Polls of the presidential race released today have some encouraging news for President Barack Obama. His week-long plunge in the polls appears to be over. A new round of swing state polls show the president running ahead of Republican Mitt Romney in New Hampshire and Nevada. Nationally, Romney continues to lead, and in one poll, by his biggest margin yet.
Two polls of Nevada both show President Obama in the lead, both by the same margin. A new Rasmussen poll puts Obama up by three points, 50-47 percent. The survey of 500 likely voters had a margin of error of 4.5 percent. A poll done by Survey USA and the Las Vegas Review-Journal gave the president a three-point lead as well, 48-45 percent. The poll surveyed 806 likely voters with a 3.5 percent margin of error. Obama has led in Nevada throughout most of the campaign, and at one point late in September, his lead hit double-digits. Since the first debate, the race is much closer. Both of these polls were conducted before Tuesday's debate.
For the first time in a week, President Obama tops the polls in New Hampshire. A new Rasmussen survey, taken the day before the debate, gave Obama a slim one-point edge over Romney, 50-49 percent. The poll of 500 likely voters had a margin of error of 4.5 percent. Last week, Rasmussen found the candidates tied at 48 percent. Obama has led in all but six polls of New Hampshire all year, but three of those misses were within the last week.
Rasmussen also polled Montana, for only the third poll of the campaign. Romney was the clear leader, ahead of Obama by eight points, 53-45 percent. The survey of 500 likely voters had a 4.5 percent margin of error. Romney has prevailed in all three polls of Montana by an average of almost 10 points.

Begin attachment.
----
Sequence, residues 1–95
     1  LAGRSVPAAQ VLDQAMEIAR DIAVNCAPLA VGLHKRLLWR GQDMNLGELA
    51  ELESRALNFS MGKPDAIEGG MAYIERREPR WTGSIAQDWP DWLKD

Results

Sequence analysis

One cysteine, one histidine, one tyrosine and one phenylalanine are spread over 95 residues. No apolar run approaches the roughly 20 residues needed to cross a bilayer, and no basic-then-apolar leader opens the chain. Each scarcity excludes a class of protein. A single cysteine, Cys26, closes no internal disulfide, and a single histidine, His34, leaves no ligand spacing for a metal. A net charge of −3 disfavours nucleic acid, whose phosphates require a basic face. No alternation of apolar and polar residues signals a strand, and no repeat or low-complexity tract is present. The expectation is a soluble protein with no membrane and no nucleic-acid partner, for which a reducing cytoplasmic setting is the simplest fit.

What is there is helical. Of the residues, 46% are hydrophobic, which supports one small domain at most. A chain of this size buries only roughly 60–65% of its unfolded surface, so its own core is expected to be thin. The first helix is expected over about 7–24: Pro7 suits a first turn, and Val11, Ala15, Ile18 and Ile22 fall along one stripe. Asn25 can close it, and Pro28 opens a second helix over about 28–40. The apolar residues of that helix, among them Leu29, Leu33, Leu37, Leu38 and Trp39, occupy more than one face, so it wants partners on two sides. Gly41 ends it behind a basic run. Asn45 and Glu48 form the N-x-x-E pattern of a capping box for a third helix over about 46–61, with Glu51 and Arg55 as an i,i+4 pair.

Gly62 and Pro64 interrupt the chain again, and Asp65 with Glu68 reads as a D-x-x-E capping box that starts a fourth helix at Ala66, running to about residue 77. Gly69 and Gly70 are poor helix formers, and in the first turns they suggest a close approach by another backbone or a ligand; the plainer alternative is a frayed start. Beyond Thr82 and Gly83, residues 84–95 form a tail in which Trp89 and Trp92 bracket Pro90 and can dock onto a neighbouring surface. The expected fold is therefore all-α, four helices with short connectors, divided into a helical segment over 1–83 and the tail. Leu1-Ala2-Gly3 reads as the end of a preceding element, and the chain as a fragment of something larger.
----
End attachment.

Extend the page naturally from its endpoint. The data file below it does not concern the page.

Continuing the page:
Obama continues to lead in Connecticut. A poll by Siena found the president ahead by 15 points, 53-38 percent. The poll, taken between Oct. 4-14, surveyed 552 likely voters with a 4.2 percent margin of error. Obama has led every poll of Connecticut during this election cycle.
New Jersey remains in Obama's column, according to a new poll by Neighborhood Research. The poll of 783 likely voters gave the president a seven point lead, 48-41 percent. The poll's margin of error was 3.5 percent. Two dozen polls have been taken of New Jersey dating back to 2011, and Obama has won them all.
Romney has opened his largest national lead of the campaign in the most recent Gallup Seven Day Tracking Poll. Romney has a six point lead over Obama, 51-45 percent. The Rasmussen Three Day Tracking Poll puts the candidates much closer, but Romney remains in the lead by one point, 49-48 percent. The window of Gallup's poll still includes some responses from before the vice presidential debate last week, while Rasmussen's window is completely past it. It will be several days before any potential changes due to the result of Tuesday night's debate will be reflected in either poll.
- Political Polls
- President Barack Obama